Healthcare News & Insights

Unlicensed detox program proves costly: Hospital on the hook for fraud

When people are battling addiction, it’s crucial they receive high quality care throughout their recovery. Because of this, hospitals with drug treatment programs are often held to high standards. But one New York hospital allowed fraud to interfere with its mission – and it’ll cough up big bucks as a result.

As the result of a whistleblower lawsuit filed under the False Claims Act, New York Downtown Hospital must pay $13.4 million in restitution costs to the Medicare and Medicaid programs. The hospital agreed to pay the fine as part of a settlement for the case.

The lawsuit accused the hospital of some pretty significant crimes. According to a press release released by the New York Attorney General’s Office, the hospital conspired with an out-of-state healthcare vendor, Special Care Hospital Management Corp, in a pay-for-patients kickback scheme.

Under their illegal agreement, New York Downtown Hospital would pay the vendor $38,500 in exchange for Medicaid patient referrals for its drug and alcohol detoxification program.

Even worse: The detoxification program wasn’t properly licensed by the state, as is required to collect federal funds.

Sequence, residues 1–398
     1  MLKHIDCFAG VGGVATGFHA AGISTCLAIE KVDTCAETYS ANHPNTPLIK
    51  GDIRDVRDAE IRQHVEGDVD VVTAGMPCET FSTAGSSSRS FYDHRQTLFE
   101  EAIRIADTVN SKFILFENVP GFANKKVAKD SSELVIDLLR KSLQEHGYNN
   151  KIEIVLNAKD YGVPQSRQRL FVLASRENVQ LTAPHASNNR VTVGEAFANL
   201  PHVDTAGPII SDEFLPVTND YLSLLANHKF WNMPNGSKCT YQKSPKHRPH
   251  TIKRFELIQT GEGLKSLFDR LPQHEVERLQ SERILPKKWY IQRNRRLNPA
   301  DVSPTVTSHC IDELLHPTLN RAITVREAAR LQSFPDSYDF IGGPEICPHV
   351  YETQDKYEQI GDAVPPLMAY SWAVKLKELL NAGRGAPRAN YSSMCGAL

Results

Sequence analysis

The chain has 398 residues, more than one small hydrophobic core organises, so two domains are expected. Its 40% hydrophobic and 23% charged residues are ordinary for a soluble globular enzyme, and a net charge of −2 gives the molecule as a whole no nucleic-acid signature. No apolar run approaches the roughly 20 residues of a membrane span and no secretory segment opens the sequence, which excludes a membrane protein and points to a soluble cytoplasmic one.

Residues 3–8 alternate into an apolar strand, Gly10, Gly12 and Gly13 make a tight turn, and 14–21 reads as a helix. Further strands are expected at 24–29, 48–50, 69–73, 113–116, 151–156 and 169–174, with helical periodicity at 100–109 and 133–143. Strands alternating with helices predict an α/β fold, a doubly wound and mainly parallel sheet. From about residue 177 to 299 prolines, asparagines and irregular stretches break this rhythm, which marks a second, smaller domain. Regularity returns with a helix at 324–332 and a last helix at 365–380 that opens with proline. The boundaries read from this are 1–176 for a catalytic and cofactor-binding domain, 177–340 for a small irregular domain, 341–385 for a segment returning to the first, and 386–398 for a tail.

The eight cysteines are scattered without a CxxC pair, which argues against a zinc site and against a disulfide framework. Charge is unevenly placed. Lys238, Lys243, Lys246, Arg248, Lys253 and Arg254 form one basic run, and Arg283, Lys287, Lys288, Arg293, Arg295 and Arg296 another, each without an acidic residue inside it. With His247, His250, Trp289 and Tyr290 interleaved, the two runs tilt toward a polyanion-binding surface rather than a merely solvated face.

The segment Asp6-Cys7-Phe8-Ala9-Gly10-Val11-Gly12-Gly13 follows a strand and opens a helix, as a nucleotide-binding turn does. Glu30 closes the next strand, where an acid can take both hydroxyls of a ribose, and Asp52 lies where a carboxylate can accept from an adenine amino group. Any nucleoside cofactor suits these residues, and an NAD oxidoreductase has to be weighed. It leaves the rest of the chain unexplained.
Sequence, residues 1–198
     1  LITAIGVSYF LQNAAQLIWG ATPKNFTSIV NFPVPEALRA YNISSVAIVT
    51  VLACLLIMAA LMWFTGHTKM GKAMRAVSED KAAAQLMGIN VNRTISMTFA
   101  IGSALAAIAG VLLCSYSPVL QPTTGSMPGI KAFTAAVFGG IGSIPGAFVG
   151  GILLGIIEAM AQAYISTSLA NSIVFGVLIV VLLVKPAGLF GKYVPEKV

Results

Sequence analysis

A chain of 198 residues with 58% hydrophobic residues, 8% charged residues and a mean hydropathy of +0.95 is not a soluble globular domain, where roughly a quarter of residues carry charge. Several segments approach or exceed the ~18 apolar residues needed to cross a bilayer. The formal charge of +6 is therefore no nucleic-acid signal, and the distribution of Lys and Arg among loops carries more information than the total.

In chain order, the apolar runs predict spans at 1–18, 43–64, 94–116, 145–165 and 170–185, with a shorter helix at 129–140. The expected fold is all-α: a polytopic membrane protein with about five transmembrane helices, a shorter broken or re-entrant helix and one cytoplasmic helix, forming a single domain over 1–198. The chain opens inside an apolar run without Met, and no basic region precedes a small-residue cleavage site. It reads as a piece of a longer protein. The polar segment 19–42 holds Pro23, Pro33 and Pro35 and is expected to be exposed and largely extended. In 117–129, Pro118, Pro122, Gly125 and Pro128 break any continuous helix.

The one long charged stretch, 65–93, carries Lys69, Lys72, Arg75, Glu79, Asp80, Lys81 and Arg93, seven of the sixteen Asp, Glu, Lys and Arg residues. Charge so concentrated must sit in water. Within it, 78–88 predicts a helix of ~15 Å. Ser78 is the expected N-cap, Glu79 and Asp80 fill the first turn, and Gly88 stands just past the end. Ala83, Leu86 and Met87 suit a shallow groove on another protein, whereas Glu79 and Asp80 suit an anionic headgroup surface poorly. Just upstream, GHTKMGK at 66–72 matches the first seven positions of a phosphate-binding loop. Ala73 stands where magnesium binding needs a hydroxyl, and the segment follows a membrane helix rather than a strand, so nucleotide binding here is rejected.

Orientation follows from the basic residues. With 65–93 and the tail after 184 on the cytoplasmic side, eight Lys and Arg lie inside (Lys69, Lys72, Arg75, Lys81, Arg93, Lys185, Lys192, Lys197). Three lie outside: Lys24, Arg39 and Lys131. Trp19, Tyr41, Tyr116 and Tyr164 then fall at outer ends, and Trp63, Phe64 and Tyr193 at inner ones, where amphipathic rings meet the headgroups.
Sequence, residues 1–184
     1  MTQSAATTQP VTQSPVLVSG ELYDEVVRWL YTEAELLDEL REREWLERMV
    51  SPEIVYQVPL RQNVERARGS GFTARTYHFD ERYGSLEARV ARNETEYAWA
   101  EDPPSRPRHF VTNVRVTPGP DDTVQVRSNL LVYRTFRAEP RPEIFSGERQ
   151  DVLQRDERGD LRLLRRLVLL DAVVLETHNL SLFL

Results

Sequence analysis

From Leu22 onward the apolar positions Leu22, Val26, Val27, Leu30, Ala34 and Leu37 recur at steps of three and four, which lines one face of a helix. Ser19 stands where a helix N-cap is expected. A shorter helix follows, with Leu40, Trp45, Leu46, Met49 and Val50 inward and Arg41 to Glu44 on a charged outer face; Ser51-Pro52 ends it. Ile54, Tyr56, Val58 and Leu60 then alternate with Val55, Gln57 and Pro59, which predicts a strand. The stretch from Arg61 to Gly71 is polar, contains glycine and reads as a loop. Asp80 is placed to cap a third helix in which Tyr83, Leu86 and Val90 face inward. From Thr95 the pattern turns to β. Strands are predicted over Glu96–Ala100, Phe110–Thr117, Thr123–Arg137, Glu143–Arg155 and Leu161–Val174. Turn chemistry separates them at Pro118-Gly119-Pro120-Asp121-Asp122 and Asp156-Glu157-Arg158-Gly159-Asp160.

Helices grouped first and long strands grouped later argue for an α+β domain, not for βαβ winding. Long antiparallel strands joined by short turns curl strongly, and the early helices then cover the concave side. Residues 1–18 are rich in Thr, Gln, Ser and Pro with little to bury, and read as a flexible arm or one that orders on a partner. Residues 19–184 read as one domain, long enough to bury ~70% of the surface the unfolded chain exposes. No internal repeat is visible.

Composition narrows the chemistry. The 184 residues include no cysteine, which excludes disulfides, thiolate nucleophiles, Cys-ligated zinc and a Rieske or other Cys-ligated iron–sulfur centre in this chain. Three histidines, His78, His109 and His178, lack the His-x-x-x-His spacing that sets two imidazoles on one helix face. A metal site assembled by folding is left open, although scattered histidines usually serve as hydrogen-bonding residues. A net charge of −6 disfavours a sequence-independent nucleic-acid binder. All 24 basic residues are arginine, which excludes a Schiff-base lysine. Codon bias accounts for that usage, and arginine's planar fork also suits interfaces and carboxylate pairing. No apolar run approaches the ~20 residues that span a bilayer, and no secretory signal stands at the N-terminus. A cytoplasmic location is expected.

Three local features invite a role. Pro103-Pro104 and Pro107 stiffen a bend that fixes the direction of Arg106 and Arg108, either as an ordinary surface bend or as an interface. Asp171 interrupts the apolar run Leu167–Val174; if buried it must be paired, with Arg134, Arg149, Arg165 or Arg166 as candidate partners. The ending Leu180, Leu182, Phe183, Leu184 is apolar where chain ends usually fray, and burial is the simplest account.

The lawsuit further alleged that, although the hospital failed to obtain certification, it continued to promote its drug treatment program and accept patients in complete violation of New York law.

Once admitted to the hospital, patients battling addictions were given treatments that weren’t medically necessary and failed to meet the proper standards of care.

“Drug and alcohol treatment programs are designed to help people struggling with addiction. By exploiting this need in order to maximize revenue, New York Downtown Hospital wasted Medicaid resources and illegally billed taxpayers for unlicensed and medically unnecessary treatment services,” said New York Attorney General Eric T. Schneiderman in the release.  “This settlement holds New York Downtown Hospital accountable for this scheme, and will make providers think twice before defrauding the Medicaid system.”

Just more proof that crime doesn’t pay.

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